Is it possible to build a life you love for you and your children with just one parent at home? Country & Town House’s Online Content Director Rebecca Cox certainly thinks so. Her book, How To Be A Happy Single Parent, is out today.
When I became a single parent, I wasn’t sure how I would make it work on my own. From childcare to finances, holidays to dating, everything felt unmanageable and scary, and I was grieving the life I thought I’d have. Slowly, I unpicked all the problems standing between myself and emotional, financial and physical security and independence, and built a life I love, for myself and my son. But it isn’t easy going it alone. It takes a village to raise a child, whether that support be physical, virtual, or found in the pages of a book. Together with my co-author Zoë Desmond, creator of the Frolo app for single parents, I’ve written the book I wish I’d had to guide me. Here’s a taster of what single parents can expect to find in its pages…
How To Be A Happy Single Parent Book
The Ultimate To-Do List
The first chapter in the book talks new single parents through creating the ultimate ‘fareway to freedom’, an enormous list of everything that will need figuring out, whether you’re having a child alone, or have lost or separated from your children’s other parent. The List is based on Zoë and my experiences of feeling completely overwhelmed by the tasks ahead: because managing overwhelm is essential when you’re a single parent.
No single parent is an island, and finding the right childcare set-up for your child/ren is essential to allow you to find balance in your life. From getting to work to having the occasional night off from parenting, knowing your options is key.
Finances & Work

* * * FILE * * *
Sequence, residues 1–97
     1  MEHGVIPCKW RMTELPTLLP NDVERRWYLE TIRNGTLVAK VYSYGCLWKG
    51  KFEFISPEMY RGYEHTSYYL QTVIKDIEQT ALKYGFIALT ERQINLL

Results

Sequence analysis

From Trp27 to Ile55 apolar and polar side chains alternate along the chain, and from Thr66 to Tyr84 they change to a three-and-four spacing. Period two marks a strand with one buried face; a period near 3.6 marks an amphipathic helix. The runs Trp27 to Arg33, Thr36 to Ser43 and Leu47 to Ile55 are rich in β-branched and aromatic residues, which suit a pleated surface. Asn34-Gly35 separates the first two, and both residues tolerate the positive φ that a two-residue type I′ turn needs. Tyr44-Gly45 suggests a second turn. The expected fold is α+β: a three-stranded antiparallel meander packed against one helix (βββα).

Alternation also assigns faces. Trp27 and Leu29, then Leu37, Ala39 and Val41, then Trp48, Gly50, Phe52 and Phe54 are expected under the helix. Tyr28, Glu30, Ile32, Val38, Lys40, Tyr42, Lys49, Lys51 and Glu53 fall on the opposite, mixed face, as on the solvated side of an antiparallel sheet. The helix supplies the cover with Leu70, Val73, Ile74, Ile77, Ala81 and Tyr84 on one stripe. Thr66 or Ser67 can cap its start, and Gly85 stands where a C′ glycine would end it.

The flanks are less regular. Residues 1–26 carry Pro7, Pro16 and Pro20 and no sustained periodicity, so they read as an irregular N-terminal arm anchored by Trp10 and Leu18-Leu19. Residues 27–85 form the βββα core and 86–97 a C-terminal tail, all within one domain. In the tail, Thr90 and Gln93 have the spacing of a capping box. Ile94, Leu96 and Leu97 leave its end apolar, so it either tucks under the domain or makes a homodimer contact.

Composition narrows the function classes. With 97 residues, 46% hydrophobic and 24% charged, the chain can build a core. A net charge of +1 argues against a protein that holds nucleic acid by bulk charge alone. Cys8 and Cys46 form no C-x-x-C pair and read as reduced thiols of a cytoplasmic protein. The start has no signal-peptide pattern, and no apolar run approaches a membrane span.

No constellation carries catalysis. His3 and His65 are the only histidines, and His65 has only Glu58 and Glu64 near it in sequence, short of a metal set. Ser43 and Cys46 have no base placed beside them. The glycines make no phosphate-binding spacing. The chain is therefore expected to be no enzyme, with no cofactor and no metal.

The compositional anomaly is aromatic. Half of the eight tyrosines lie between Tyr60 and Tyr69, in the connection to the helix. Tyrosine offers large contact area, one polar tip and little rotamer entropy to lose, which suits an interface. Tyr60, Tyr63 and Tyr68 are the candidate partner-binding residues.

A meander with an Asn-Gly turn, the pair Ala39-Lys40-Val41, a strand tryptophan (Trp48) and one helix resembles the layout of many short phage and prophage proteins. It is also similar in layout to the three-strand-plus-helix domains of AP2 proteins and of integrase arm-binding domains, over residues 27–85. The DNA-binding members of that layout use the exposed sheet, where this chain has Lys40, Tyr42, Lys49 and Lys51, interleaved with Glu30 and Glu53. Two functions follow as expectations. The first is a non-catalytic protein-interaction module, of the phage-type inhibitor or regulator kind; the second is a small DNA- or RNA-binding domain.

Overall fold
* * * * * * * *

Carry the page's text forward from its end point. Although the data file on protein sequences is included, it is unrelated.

Is it actually possible to run a household on one income? And how do you even manage a career when you have full-time parenting responsibilities? In the finance and work chapters there’s advice on achieving financial independence, increasing your capacity to earn, making spending cuts and your rights in the workplace, too.
There are a host of extra legal considerations when you’re a single parent. How do you navigate divorce? The family court system? Make a will, or put a guardianship plan in place? I had no idea until I became a single parent and figured it all out on my own. The legals chapter contains everything Zoë and I learnt along the way, plus a host of expert advice.
Dealing with your children’s other parent is never easy, especially if there are some very serious reasons that you’re no longer together. Psychologist Charlotte Fox Weber offers advice on dealing with an emotionally abusive ex, while co-parenting advocate Aaron Dale has excellent tips on communication and boundaries.
Taking a holiday with kids as a single mum or dad might sound like a bit of a misnomer. Thanks to my work at Country & Town House, I’m a seasoned solo traveller, and there are plenty of ways to make sure trips with little ones are not a ‘grin and bear it’ experience.
One of the most common concerns for single parents is how and when they might be able to think about dating. Dating expert and single mum, author of Block, Delete, Move On @lalalaletmeexplain told us: ‘If you’re trying to fill some kind of void, it’s likely to lead you to date in a way that is not as considered or thoughtful as it might be if you’re dating because you are at the point where you want human connection and love, and you’re alright with being on your own.’ We run through how to get to a place of being ready to date, and then how to do so successfully.
Self-Care & Moving On
Nothing, and I mean nothing, is more important than looking after yourself when you’re a single parent. You cannot pour from an empty cup. Taking care of yourself, being kind to yourself and taking things one step at a time are key. Little by little, you’ll go from surviving to thriving.